In what feels like another life, I used to work at a very small outpatient clinic in the middle of a very big city. Everyone, and I do mean everyone had to multitask to make what was a primarily psychiatric facility function enough to keep the doors open. That meant that the Records coordinator was also the Janitor, the Administrator was also HR and myself? Well, if I wasn’t dealing with patients, I was dealing with IT and on occasion even some accounting. Now, usually this wasn’t too bad. Actually, who am I kidding, running decade old machines with a server that could equal a decent potato in terms of speeds was always a pain in the neck, especially when using offhand accounting software. With these headaches of memories in mind, I decided to try out Xero and see how it fared.
A Bit of History
Some people, even people in the know, probably haven’t heard much about Xero before. Starting out in New Zealand, this accounting software was made in direct competition some years ago as a way to beat Quickbooks, which is often seen as the king of the accounting stack with estimates stating that the software has about 85% of the market share . It’s been about 11 years that Xero has been on the chase, and many people who have used both seem to be of the opinion that the two really are neck and neck. With around 16,000 global firms using Xero primarily, it may not have the numbers to match Quickbooks in terms of current licenses, but it has won the Forbs Innovative Growth Company award back to back, which is pretty impressive.
Getting Started with Xero
Now, when I think of accounting software, I think boring. Basically Excel on steroids, not that Excel isn’t an exciting program, but it’s as visually appealing as a slap to the face is seen as a sign of friendship. Such is not the case with Xero, as right from the login you get a nice Web 2.0 vibe that I can feel safe in assuming is due to a liberal smattering of CSS and JSON. If you’re new to the accounting game, you’ll also find the program littered with helpful videos on how to use the software and easy explanations of where to put what, from making contact forms to doing your first invoice. Each of the windows are easy to use, and customizing your invoices couldn’t be easier, allowing for a professional looking document in seconds. What was not fast however was trying to import a test group of accounts from .CSV over to Xero, which was a bit of a headache. And by headache, I mean pain due to tearing my hair out over having to reformat nearly everything to match their desired template. On the plus side, most of the options you start with after import are easy to work with, including connecting Xero to the company account for a better monitoring of your finances. Speaking of which, let’s take a look at their price breakdown.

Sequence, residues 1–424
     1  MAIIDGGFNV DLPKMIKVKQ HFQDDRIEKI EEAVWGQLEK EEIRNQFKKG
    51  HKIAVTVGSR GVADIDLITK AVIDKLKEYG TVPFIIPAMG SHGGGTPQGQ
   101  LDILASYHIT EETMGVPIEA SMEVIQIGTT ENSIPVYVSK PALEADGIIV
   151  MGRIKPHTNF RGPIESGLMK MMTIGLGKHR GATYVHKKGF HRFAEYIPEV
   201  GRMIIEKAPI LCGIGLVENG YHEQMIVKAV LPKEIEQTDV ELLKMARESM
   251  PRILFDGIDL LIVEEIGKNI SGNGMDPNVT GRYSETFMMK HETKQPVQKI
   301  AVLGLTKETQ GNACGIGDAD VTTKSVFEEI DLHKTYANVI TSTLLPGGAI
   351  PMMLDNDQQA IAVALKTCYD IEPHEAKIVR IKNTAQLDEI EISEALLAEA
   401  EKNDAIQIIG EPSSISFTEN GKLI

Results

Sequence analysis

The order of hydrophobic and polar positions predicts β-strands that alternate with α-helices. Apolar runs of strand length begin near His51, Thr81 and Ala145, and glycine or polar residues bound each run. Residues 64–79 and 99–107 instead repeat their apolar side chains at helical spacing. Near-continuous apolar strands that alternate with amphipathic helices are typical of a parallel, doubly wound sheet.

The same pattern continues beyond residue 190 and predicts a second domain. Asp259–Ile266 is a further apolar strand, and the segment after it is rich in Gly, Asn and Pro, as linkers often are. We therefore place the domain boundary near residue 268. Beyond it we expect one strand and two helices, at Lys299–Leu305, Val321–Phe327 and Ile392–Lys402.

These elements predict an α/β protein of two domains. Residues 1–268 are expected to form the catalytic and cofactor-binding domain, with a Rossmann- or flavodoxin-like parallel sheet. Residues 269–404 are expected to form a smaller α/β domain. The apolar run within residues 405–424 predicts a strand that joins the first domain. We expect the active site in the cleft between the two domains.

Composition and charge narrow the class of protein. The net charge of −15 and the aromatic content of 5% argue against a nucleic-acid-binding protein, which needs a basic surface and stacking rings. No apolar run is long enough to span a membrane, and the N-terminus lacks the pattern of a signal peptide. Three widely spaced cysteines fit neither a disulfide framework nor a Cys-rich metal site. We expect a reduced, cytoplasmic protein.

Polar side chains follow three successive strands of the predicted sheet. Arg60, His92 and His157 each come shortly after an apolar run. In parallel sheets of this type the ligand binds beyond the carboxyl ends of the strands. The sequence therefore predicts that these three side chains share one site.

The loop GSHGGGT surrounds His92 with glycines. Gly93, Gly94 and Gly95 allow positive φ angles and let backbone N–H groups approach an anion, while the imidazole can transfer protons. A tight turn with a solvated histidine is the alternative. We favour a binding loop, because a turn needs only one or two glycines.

Cost of Xero